This is part 3 of a 3 part review. Part 1 Part 2
Autogynephilia and sexuality
The relationship between autogynephilia and other parts of the autogynephile's sexuality are varied. Lawrence spends a lot of time on this, but I don't find it particularly interesting or enlightening in most respects, so I'll just leave you with a few key points.
Since autogynephilia appears to be a misfiring version of heterosexuality, it unsurprisingly coexists with it; however, it also competes with it in various ways. In different people, the following are all possible:
Normal heterosexuality is present most of the time, except during an autogynephilic "episode"; autogynephilic feelings are ended by orgasm.
Normal heterosexuality and autogynephilia coexist, with soft rather than sharp boundaries, or some blending. Autogynephilic feelings may go away temporarily while falling in love with a woman.
As (1), but autogynephilia is dominant and only temporarily goes away after orgasm.
Normal heterosexual attraction to women exists, but orgasm is only possible while having an autogynephilic fantasy.
Romantic attraction to women exists, but only autogynephilic fantasies/behaviors are sexually arousing.
Complete absence of romantic or sexual attraction to anyone except a female version of oneself.
I wasn't able to get a good sense of how common each of these was except that the last was relatively rarer, and the first wouldn't be common among MtF transsexuals since they would be less likely to transistion.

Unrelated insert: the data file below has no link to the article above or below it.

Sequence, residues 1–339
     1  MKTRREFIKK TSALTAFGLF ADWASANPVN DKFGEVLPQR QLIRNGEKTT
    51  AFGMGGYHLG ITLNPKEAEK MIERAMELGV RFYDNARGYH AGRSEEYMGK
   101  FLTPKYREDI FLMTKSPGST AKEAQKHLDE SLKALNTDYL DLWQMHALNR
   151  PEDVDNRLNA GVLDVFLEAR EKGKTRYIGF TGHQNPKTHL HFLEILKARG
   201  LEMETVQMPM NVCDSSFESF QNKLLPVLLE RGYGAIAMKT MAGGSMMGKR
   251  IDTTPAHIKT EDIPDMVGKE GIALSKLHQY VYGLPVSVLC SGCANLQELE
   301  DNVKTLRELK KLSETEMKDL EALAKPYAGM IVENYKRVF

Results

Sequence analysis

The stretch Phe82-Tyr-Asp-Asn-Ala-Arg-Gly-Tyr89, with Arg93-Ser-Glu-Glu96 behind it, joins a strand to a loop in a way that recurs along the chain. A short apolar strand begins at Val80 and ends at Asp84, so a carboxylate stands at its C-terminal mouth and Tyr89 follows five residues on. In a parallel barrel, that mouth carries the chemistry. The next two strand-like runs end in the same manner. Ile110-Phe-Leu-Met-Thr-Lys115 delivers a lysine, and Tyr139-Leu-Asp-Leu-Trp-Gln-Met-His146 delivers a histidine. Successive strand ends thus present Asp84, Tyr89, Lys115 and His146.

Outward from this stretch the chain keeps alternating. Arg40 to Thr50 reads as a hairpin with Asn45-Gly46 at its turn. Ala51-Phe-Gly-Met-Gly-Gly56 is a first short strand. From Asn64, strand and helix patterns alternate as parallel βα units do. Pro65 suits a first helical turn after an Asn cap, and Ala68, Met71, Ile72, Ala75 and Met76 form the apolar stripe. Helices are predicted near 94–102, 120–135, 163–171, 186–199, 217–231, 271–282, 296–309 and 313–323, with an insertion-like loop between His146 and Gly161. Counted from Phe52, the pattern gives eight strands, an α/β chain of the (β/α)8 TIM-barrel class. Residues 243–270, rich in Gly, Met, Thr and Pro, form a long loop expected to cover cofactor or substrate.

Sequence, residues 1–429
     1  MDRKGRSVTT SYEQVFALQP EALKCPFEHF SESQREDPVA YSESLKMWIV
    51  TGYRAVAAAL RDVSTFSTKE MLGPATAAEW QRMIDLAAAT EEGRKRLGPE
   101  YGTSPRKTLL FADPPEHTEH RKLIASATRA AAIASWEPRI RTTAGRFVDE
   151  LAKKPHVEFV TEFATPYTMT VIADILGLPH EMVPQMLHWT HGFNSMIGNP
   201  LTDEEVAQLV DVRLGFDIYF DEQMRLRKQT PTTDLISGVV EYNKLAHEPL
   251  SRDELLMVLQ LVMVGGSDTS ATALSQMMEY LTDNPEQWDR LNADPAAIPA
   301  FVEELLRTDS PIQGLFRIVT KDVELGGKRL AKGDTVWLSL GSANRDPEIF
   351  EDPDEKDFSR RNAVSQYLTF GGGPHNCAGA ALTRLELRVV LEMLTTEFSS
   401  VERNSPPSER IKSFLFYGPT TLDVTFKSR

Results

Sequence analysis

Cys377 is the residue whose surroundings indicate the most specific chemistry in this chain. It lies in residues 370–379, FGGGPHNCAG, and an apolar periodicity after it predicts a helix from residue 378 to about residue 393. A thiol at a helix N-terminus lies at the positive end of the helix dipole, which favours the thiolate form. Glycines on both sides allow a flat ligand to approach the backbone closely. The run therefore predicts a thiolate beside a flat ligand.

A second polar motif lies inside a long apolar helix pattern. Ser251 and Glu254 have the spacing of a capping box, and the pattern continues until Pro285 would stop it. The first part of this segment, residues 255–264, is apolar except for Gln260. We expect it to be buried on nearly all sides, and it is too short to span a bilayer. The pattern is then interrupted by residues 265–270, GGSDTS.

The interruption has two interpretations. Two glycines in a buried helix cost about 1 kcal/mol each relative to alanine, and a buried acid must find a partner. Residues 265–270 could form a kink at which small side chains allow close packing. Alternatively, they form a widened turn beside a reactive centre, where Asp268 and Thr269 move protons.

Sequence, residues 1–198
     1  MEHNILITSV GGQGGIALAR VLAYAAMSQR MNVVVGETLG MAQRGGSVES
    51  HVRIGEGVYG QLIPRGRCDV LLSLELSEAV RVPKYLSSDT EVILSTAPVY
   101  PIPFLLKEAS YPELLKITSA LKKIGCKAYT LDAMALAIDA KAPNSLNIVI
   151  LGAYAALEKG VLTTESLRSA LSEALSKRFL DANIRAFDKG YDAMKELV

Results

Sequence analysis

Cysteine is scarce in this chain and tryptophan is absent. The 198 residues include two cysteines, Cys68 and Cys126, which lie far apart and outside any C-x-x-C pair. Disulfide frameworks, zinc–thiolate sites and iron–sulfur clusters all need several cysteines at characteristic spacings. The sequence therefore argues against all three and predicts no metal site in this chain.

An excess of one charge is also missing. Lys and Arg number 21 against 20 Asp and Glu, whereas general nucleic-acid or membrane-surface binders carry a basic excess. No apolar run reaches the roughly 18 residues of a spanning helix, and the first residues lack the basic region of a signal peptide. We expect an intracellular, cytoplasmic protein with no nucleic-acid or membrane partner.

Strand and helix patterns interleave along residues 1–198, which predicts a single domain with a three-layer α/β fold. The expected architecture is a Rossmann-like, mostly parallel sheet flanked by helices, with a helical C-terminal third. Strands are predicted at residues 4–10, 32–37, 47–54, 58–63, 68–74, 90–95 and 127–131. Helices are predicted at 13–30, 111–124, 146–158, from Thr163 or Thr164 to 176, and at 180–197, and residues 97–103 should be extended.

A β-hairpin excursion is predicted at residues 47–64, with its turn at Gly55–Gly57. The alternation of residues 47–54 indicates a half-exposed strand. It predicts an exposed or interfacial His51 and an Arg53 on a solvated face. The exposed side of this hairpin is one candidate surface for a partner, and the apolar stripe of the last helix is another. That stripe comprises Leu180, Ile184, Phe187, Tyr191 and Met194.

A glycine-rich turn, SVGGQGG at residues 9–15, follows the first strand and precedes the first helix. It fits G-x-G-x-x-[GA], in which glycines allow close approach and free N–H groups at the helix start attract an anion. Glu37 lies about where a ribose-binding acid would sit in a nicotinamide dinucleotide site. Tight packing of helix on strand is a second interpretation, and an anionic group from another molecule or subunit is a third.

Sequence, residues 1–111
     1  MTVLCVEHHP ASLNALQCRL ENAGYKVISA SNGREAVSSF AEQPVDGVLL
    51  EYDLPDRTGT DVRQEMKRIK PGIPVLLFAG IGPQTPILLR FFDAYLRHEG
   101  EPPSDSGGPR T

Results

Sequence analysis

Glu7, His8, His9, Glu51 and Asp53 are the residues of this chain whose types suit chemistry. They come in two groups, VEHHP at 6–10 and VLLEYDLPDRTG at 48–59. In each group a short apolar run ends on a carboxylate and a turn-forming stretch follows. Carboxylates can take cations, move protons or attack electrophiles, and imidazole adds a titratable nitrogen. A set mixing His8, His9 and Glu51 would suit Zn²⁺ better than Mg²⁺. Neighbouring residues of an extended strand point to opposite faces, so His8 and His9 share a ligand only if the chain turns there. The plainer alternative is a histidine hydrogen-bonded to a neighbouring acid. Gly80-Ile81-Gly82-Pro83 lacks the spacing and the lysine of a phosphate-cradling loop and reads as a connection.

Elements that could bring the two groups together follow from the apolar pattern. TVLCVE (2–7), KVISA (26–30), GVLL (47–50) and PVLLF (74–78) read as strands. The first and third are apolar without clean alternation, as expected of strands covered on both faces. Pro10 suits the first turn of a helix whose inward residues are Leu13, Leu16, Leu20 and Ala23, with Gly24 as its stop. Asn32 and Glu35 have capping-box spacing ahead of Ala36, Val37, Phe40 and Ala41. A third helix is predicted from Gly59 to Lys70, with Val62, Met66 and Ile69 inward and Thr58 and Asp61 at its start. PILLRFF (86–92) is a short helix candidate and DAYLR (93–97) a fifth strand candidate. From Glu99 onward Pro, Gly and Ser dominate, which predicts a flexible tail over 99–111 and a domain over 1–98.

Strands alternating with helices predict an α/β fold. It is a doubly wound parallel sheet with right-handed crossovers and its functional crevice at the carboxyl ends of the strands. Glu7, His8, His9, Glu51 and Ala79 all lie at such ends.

Autogynephilic transsexuals' interpretations of autogynephilia
While a frankly shocking number of respondents (selection bias?) expressed that their autogynephilic sexual feelings were the dominant factor in their transition or desire for transition, most respondents, while acknowledging their autogynephilia, gave it an alternative interpretation or attributed to it a lower degree of significance.
Some of these alternative interpretations are present in the discourse, and seem to represent an attempt to rationalize the reality of autogynephilia in the context of the prevailing dogma of the transgender movement. Lawrence catalogues and argues against these briefly; since they are probably of interest I'll summarize them here.
Autogynephilia is a symptom, not a cause, of transsexualism. This is the idea that gender dysphoria precedes autogynephilia, and that autogynephilia is a somehow a response to the female gender identity or to gender dysphoria, such as an escapist fantasy. This position is contradicted by the evidence that autogynephilia generally precedes the female gender identity, and doesn't explain why the fantasy of becoming female is so erotic.